Capacity building in LDCs
The following statement was made by Prime Minister Khaleda Zia of Bangladesh at the Least Developed Country Expert Group workshop which was held in September 2002 in Dhaka. Participants discussed the urgent need for capacity building as appropriate preparation for formulating National Adaptation Plans of Action.
We have assembled here this morning of a mid-autumn day. The belated summer continues to radiate scorching heat in Bangladesh. We cannot afford to overlook this erratic behaviour and the whims of nature. These changes are occurring not only in Bangladesh, but worldwide.
We are all concerned over this breakdown of the balance in nature. As human beings we are no less responsible for these unnatural changes than nature itself. Should we fail to take cognizance of the issue and adopt ameliorative measures, calamity beckons us. Therefore, it has indeed been thoughtful of the Least Developed Countries Expert Group to hold this workshop to deliberate upon what can be done to face this climatic change. This endeavour will certainly contribute to capacity building for meeting the challenge. The initiative is timely as well, in the immediate aftermath of the World Summit on Sustainable Development.
We are indeed happy that Dhaka has been selected as the venue for this important event. The major share of responsibility for this human-induced climate change rests with the industrial world. The contribution of countries like ours is minuscule, yet we have to pay a disproportionate price. Besides, the resources and technology needed to face the challenge is beyond our reach. A workshop of this kind would be beneficial to us all.
You all know that global warming will have a significant impact on the world as a whole. However, the effects will not be the same across the globe, because of geographic locations and different levels of development. While for some countries, the impact might be lifestyle threatening, for others it is life threatening. The group of Least Developed Countries will face the worst effects because of dependence of their economies on agriculture and natural resources. The small island states, their peoples and cultures are at risk of being wiped off the world map. While the Least Developed Countries contribute least to global warming, they are the worst victims and least able to adapt.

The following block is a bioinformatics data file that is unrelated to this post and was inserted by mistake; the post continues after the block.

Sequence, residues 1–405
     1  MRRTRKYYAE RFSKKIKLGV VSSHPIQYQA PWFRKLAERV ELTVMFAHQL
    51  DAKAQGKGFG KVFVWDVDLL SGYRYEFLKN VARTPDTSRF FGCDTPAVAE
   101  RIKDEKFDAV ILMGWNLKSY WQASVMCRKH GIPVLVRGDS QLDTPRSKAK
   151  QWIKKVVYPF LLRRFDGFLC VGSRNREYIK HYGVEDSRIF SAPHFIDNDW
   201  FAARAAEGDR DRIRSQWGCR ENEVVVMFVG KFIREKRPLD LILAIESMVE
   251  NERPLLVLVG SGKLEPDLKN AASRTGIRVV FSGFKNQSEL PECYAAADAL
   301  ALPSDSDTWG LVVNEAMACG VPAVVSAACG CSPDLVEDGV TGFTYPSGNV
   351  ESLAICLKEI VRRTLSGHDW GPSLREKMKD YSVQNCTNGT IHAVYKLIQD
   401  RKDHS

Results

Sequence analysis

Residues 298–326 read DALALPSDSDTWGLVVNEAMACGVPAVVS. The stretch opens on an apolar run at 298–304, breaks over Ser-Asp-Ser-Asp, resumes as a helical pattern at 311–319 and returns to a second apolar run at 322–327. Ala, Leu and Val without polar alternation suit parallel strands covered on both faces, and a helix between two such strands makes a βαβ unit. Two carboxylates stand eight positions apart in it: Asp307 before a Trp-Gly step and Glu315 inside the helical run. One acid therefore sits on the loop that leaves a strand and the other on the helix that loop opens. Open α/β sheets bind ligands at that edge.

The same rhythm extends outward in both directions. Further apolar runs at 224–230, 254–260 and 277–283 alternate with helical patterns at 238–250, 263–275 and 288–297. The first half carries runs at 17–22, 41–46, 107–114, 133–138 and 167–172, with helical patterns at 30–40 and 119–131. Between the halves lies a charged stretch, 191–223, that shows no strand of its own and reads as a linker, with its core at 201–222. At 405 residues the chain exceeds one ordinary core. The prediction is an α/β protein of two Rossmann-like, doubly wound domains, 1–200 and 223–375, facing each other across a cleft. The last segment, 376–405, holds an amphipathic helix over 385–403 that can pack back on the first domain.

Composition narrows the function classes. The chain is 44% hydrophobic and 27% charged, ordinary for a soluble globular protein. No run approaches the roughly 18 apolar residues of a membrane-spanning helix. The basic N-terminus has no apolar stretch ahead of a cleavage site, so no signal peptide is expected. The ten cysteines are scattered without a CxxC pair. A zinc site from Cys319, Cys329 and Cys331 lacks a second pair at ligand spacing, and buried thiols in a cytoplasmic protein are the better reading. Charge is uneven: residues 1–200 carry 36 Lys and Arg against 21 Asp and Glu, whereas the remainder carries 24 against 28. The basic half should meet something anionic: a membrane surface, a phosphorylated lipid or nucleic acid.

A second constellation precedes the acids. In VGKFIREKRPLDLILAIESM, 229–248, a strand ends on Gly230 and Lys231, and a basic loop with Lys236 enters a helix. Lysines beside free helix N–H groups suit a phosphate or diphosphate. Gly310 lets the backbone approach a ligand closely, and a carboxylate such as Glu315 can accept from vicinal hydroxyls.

Let me take this opportunity to say a few words about Bangladesh. The intention is not to scare, but to sensitize you all.
As the most densely populated, deltaic and low-lying country, Bangladesh is extremely vulnerable to climate change. The Intergovernmental Panel on Climate Change Report has mentioned that half a metre sea-level rise will permanently inundate about 11 per cent of our territory. Sundarbans, the worlds largest mangrove forest and a UNESCO-declared World Heritage Site, will be at stake.
Keeping this threatening scenario in mind, it needs to be mentioned that per capita emissions of carbon dioxide in Bangladesh are a mere 0.2 ton against an average of six tons in the industrial world.